Jerry Nelson: A snazzy, jazzy Christmas - The Hegg Brothers restyle holiday favorites
The night is fast approaching when children will try to stay awake as they listen for a nocturnal visitor, a midnight marauder who breaks into houses and leaves stuff instead of stealing things.
Santa Claus is, in essence, a reverse burglar.
A grand tradition that has been handed down across the generations involves forcing children to learn Christmas songs and singing in a choir. While there are some kids who actually enjoy that sort of thing, there are others who see singing in public as an activity that violates the Geneva Conventions.
I was the type of kid who thought that singing in public was an anguishing ordeal. As if to add insult to injury, participating in the Christmas choir also meant taking a bath and donning my Sunday duds. It was a hat trick of torment.
I might feel differently if I possessed even the tiniest modicum of vocal talent. I could be a professional singer but only in the sense that people would pay me to stop singing.
Just because I can’t make music doesn’t mean I don’t appreciate a good musical performance. I also can’t draw – even my most earnest efforts appear as though they were scrawled by someone who had been blindfolded and spun around three times – but that doesn’t mean I don’t appreciate fine art. I especially enjoy that masterly, dog-centric painting titled “A Friend In Need.”
Fortunately, there were kids in my choir who believed that what you lack in talent you can make up for with volume. The shout-singers drowned out much of the choir and made it possible for those who, like me, were musically impaired and felt the need to camouflage ourselves with vigorous lip-synching.
Despite my non-performance in the choir, I always received a candy bar at the conclusion of our grade school Christmas concerts. The lesson was clear: Fake it until you make it, and you’ll still get a Hershey bar.
In keeping with this grand tradition, our two sons participated in Christmas choirs when they were youngsters. The difference between them and me is that I have them on video tape.
Dale, my father-in-law, had a VHS camcorder (if you don’t know what VHS is, you’re probably younger than some of my socks), and recorded a couple of our sons’ grade school Christmas choir performances. I later had the tapes digitized so that we can continue to watch our young sons as they yodeled their way through their Christmas concerts.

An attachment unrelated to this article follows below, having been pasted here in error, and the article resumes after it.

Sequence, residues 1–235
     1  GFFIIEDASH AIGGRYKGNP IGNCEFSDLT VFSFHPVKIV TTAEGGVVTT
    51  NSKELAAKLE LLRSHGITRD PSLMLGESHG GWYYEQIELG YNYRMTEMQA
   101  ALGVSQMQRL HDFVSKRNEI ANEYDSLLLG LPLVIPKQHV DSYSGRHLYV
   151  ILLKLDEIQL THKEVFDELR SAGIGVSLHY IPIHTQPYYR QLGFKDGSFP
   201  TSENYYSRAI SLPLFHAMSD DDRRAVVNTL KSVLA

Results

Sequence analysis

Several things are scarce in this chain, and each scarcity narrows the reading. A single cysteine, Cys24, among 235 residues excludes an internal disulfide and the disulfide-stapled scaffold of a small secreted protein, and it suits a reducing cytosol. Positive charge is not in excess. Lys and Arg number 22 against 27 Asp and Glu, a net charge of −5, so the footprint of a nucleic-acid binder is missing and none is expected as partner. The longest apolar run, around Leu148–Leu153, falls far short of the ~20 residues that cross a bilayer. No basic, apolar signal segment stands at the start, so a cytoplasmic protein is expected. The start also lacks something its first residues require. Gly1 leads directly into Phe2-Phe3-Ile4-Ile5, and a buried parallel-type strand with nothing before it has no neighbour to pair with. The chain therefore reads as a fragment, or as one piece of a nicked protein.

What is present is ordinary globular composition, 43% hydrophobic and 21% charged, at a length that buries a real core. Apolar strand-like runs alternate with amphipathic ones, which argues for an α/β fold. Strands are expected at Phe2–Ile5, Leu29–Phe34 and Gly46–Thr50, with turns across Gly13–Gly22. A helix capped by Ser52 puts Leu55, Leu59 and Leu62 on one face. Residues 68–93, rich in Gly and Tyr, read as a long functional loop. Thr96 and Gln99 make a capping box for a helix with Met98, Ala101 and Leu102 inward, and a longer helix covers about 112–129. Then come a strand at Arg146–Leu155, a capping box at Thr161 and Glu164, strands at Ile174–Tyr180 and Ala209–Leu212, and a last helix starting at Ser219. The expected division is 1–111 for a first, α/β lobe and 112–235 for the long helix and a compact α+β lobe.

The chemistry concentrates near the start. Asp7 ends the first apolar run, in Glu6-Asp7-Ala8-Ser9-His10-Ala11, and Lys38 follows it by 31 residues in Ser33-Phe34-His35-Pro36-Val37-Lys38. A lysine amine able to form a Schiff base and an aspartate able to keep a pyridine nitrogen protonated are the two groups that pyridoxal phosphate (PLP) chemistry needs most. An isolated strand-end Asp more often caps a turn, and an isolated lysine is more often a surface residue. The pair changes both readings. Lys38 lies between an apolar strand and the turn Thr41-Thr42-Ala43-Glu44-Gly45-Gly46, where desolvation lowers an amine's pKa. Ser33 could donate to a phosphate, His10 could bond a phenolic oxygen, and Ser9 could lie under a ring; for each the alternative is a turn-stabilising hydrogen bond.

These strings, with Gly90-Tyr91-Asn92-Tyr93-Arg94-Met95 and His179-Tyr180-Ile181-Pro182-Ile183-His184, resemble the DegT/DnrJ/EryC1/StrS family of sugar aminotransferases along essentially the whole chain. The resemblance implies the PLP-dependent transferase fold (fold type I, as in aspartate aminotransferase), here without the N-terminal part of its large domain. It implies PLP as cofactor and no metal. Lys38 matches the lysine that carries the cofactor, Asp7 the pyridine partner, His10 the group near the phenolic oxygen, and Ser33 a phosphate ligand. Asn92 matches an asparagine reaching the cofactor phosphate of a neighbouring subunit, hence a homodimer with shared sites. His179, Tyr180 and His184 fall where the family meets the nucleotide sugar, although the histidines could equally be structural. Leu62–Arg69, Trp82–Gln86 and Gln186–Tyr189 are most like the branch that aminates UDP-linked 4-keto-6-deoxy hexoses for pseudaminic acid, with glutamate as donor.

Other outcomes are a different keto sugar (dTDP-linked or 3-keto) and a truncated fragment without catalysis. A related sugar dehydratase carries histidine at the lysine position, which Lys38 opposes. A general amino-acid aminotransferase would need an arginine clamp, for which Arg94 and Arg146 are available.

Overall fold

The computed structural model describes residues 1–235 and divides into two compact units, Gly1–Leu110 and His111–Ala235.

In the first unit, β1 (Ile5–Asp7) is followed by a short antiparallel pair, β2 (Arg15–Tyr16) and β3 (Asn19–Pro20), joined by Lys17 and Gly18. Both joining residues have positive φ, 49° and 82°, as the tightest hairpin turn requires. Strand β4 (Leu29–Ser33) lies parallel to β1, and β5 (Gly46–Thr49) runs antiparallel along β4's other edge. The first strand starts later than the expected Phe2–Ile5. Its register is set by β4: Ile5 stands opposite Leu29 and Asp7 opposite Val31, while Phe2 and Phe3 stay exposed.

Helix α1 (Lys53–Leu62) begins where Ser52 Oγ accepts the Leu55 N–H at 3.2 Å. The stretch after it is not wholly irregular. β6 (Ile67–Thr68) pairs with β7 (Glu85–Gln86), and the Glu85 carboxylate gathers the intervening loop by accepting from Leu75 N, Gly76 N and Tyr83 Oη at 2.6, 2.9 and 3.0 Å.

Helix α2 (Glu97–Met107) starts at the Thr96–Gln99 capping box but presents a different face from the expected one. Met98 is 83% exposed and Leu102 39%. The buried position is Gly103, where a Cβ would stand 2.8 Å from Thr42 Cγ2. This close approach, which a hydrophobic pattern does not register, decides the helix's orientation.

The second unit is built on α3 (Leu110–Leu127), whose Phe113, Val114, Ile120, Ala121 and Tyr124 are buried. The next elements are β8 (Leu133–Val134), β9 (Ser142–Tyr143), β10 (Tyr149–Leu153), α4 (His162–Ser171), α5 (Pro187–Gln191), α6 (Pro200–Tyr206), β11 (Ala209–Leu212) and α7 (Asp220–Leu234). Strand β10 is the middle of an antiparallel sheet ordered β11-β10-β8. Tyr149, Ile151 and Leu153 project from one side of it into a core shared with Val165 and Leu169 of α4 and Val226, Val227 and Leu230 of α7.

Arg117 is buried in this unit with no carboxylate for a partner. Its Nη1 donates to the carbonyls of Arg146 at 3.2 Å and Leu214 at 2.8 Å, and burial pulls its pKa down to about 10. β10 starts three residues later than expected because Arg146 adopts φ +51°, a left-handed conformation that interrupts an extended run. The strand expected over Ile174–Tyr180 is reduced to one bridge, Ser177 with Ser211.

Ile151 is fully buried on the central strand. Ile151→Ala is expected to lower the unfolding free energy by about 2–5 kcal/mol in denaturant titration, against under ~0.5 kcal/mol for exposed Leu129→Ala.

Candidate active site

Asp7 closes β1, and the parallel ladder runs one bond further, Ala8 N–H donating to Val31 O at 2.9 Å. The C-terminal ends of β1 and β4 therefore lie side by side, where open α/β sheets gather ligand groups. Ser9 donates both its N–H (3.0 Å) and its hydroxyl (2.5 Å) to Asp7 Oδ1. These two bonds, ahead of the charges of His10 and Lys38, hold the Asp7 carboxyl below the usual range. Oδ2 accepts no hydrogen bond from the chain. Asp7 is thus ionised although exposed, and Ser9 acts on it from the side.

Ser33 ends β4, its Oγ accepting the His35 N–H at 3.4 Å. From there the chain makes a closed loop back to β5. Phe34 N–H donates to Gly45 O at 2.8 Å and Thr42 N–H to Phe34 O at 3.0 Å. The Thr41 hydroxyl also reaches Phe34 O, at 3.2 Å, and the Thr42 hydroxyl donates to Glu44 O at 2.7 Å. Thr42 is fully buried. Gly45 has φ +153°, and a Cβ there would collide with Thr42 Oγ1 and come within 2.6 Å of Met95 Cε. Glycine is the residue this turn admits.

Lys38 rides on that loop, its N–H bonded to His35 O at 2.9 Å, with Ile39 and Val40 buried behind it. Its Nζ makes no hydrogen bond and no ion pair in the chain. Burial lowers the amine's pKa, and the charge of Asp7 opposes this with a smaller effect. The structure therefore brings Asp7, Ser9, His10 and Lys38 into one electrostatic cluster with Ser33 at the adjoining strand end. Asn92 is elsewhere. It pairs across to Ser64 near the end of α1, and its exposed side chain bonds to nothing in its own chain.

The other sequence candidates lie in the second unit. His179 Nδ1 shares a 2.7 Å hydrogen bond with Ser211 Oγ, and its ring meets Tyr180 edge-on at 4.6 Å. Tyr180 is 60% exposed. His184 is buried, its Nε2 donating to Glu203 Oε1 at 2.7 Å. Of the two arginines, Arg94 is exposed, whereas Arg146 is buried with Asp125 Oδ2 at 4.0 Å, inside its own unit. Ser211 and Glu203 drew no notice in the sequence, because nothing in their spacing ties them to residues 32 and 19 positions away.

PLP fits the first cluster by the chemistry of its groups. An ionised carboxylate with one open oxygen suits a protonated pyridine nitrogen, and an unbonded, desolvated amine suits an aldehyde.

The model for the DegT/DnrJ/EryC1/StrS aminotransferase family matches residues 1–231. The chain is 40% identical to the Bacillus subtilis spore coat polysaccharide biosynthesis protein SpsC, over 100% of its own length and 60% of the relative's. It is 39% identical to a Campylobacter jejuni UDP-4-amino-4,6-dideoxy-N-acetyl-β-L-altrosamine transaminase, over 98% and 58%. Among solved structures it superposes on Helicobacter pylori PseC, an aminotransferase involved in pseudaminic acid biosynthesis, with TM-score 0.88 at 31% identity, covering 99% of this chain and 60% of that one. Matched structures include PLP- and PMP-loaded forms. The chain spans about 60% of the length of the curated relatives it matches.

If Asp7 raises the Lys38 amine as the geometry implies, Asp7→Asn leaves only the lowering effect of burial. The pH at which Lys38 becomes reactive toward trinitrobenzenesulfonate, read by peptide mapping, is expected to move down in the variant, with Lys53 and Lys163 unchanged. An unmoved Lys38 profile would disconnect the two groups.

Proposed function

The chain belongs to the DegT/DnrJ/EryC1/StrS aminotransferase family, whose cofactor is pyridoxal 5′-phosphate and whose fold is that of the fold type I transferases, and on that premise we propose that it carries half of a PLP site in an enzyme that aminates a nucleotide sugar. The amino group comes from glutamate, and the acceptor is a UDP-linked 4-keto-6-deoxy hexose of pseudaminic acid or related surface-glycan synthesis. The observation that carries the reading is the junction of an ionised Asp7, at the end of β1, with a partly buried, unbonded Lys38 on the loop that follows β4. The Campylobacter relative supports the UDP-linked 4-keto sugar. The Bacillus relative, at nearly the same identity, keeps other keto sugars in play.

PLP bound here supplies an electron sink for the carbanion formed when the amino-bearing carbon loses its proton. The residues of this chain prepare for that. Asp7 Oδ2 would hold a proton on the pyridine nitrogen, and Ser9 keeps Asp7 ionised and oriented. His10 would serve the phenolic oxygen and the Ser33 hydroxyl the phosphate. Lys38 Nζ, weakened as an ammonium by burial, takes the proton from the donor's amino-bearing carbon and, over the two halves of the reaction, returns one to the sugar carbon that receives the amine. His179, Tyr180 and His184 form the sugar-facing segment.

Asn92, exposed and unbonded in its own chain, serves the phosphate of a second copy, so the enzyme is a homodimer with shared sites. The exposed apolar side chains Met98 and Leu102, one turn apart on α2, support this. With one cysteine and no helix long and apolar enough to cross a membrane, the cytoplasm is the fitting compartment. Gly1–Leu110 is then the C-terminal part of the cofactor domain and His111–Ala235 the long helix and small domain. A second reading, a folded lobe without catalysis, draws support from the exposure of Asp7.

Upon review of the footage, I found it interesting to see how other parents dressed their kids. The little cherubs were obviously coerced into enduring fashion choices they would have never made for themselves. In other words, nothing much had changed since I was a boy.
Decades have passed since anyone at our house has been part of a choir, and my wife and I were recently waxing nostalgic about what it was like to experience a live performance of Christmas music. This is why we immediately said yes when our friends Jen and Tim asked us to join them for a nearby holiday concert.
Perhaps it’s because we’ve led sheltered lives, but it was unlike any Christmas concert we’d ever experienced. The music was provided by The Hegg Brothers Band, a Sioux Falls area group that specializes in music from the jazz genre.
It came as no surprise, then, when The Hegg Brothers Band belted out traditional Christmas tunes that had been thoroughly jazzified. Up until that point the most exposure my wife and I have had to jazzy holiday tunes has been from watching the gripping docudrama “A Charlie Brown Christmas.”
The Hegg Brothers displayed such a high level of melodic skills that they could have played “Linus and Lucy” with one of their hands collectively tied behind their backs. They took time-honored Christmas tunes – including many that I had lip-synched to as a youngster – and reimagined them with a jaunty, upbeat tempo.
I was never a big fan of “Little Drummer Boy.” The Hegg Brothers somehow restyled the tune in a such a way that it was not only tolerable but pleasurable.
What I enjoyed most was when they sang all six verses of “You’re a Mean One, Mr. Grinch.” The phrase “your brain is full of spiders” shot me straight back to my boyhood and reminded me why that particular song is among my favorite Christmas tunes.
Listening to The Hegg Brothers Holiday Jam was almost enough to make me want to sing along. If that had happened, it would have been a true Christmas miracle.
Plus, I probably would have gotten paid to stop singing.
Jerry’s book, "Dear County Agent Guy," is available at http://protect-us.mimecast.com/s/I3ozCrkqLRCwwyMWmf7EMqi?domain=workman.com and in bookstores nationwide